Tuesday, May 17, 2011

Review: Portal 2

Plus ca change, plus cest la meme chose. Or maybe not. That’s the state of mind Portal 2 leaves you in. The vagary is partly a natural byproduct of spending several hours in a world where the laws of geometry have been repealed while the laws of physics are being enforced, but partly also an honest description of a sequel in which there are plenty of changes, but everything feels the same.

If you played Portal, you’ll know that Portal 2 feeling the same is a good thing. Portal’s blend of bathetic humour, gentle learning curves and headbending puzzles was note perfect, and Portal 2 does a solid job of recapturing it. As ever, you use the sci-fi equivalent of ACME Portable Holes to traverse otherwise impassable environments, whilst an insane computer comments on your puzzle solving prowess with a mixture of passive-aggression and unvarnished threats.

The humour occasionally feels a little more forced than last time, and there’s a touch of frustration to some of the later puzzles that never would have happened in the original, where even being stumped was fun, but for the most part Valve have bottled the lightning a second time.

There are some differences in place however, partly to keep things fresh, and partly to justify Portal 2’s slightly longer play time than it’s short, sweet predecessor. You can now apply special paints that change the properties of the surfaces they’re applied to, use prisms to reflect laser beams into motors or turrets, and traverse distances by beaming light bridges through your portals. Given the simplicity of the original’s in-a-blue-hole, out-an-orange-hole concept, you’d think these new mechanics would stand out like carbuncles on the Portal’s otherwise smooth features, but they have been so carefully integrated with the traditional portal placing mechanics that they enhance rather than dilute the core gameplay.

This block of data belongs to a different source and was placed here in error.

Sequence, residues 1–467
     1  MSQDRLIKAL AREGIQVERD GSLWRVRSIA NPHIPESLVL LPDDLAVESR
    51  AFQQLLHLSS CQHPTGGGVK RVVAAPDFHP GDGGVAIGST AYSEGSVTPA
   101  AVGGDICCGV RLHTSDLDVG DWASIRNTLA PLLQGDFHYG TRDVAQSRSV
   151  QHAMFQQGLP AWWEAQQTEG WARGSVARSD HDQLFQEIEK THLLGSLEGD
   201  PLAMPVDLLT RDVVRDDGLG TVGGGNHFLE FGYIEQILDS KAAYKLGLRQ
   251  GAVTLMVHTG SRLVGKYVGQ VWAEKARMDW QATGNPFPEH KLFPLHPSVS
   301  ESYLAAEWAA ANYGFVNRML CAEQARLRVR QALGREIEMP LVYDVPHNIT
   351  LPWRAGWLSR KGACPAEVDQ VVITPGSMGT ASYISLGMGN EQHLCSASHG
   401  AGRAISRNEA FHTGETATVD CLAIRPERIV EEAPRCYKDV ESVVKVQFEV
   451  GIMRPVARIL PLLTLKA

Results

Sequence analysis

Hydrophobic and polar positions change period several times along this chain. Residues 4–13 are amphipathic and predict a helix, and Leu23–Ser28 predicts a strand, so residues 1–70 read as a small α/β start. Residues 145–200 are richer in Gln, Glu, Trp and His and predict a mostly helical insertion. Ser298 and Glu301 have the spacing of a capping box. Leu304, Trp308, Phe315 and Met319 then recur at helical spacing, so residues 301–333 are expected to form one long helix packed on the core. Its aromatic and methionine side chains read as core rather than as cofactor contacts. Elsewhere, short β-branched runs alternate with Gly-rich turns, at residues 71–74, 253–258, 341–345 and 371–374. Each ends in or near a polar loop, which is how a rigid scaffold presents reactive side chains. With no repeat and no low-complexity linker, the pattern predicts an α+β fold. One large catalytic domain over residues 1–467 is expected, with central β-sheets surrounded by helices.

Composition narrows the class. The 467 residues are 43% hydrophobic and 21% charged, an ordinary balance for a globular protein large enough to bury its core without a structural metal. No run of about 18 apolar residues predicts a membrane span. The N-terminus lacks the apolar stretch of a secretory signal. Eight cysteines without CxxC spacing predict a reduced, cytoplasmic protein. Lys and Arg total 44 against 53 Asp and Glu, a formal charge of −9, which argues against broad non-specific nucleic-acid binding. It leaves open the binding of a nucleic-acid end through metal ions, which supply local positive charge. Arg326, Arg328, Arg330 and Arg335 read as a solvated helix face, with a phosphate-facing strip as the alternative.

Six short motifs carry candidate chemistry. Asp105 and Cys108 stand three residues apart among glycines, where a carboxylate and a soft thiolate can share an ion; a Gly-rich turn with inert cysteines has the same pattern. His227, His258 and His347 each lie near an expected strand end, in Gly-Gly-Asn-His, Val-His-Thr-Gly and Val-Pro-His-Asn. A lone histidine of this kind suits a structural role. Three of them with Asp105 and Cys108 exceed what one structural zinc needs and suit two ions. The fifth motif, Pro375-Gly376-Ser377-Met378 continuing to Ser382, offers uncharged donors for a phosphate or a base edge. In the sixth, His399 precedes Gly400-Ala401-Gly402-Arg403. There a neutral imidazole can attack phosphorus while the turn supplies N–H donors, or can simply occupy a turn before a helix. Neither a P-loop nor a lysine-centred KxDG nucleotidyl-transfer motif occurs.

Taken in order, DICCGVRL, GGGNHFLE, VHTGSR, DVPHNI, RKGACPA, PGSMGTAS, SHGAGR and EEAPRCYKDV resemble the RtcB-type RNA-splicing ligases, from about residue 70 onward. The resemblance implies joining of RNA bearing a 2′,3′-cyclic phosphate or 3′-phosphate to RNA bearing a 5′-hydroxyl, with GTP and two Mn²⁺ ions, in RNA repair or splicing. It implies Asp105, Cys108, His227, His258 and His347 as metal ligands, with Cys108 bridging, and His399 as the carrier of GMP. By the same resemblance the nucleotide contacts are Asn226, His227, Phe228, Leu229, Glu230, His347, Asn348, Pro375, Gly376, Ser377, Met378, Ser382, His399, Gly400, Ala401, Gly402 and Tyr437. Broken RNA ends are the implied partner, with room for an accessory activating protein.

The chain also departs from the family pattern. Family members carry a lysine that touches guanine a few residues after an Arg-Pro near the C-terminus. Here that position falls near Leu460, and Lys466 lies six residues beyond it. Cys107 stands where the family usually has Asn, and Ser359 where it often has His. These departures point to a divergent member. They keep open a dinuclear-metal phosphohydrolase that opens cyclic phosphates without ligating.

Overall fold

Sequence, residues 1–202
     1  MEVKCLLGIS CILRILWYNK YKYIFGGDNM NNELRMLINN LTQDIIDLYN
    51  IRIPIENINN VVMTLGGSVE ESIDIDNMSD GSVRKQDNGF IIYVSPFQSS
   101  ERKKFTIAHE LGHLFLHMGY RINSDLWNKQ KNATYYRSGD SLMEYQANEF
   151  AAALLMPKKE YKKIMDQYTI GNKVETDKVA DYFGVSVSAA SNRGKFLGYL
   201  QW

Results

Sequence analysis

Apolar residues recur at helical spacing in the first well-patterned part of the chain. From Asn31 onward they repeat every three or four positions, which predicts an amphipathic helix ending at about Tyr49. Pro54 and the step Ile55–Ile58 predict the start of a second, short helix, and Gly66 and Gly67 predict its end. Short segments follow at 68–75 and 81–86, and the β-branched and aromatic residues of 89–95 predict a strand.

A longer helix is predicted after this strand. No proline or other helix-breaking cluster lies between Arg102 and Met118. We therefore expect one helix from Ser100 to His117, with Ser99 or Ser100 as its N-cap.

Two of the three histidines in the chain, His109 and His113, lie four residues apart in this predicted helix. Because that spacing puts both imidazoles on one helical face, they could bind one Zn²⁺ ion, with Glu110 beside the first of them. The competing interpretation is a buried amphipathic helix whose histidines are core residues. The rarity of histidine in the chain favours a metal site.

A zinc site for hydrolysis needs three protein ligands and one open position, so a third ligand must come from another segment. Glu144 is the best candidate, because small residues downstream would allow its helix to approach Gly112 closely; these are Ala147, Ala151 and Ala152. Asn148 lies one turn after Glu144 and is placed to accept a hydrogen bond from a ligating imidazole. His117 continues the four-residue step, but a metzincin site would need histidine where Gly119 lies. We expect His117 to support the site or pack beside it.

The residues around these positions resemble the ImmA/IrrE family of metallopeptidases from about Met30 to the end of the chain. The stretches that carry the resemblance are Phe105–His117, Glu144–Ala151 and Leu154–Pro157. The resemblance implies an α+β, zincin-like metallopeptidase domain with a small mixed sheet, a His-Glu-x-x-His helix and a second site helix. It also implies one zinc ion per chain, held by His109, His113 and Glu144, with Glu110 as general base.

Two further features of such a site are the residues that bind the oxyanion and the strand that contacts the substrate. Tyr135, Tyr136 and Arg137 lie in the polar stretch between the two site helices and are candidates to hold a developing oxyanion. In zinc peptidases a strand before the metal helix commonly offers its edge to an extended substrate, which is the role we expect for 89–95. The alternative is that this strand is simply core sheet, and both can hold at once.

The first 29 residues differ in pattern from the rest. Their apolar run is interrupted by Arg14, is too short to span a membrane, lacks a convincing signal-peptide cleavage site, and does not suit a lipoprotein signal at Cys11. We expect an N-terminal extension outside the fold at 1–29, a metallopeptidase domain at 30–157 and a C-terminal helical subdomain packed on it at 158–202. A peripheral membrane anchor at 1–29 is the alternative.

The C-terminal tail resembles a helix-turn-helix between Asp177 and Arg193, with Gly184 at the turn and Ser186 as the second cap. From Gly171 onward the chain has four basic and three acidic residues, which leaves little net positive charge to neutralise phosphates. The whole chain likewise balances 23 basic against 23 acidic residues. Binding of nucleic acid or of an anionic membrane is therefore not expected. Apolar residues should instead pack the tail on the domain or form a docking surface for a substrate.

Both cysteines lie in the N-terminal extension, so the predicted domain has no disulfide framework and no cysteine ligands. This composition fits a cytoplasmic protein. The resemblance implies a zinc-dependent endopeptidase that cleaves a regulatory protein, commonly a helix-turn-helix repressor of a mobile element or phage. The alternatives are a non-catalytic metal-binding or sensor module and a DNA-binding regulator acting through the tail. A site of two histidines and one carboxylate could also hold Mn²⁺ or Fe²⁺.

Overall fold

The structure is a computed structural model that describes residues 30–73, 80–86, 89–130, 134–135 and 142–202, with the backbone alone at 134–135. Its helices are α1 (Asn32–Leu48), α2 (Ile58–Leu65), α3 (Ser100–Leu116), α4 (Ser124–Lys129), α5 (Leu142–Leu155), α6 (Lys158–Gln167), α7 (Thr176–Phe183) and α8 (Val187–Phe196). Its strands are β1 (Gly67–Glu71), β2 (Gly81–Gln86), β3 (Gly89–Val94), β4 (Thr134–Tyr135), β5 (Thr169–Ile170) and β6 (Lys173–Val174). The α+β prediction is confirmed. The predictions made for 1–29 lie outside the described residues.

There’s also rather more plot on offer here, partly thanks to the addition of a third character in the form of Stephen Merchant playing essentially a robot Stephen Merchant. The interplay between the existing and new character adds another dimension to the game, as does the unfolding story, which is crafty enough to trick you into thinking you’re being much cleverer than you really are. More would be spoilers.

Perhaps the most important new addition to Portal 2 is the multiplayer, in which you team up with a colleague to solve collaborative puzzles whilst GlaDOS does her best to sow dissent between you. Apart from upping the available Portal count from two to four, the mechanics of multiplayer aren’t noticeably different from the main game, but the potential for hilarity is significantly increased, as those experimental press-this, portal-that bits of fiddling that are innocuous during singleplayer can often prove fatal to your co-op partner as you cause scenery shifts or redirect light bridges. It’s particularly nice that the singleplayer game has scripted laughs, while the multiplayer offers you and your friends the chance to make your own giggles.

There are occasional moments of frustration in Portal 2. A couple of the many puzzles come down to a hunt for the portal-able surface, while the checkpointing can be incredibly helpful one moment, and pointless the next. Unlike the foibles in most games, however, these don’t really stand out in your memory of the game, you have to dredge them up. Your abiding memory of Portal 2 will be of laughs and the satisfaction of solving ingenious puzzles in ingenious ways.

Much like Portal.

*Reviewed on Xbox 360

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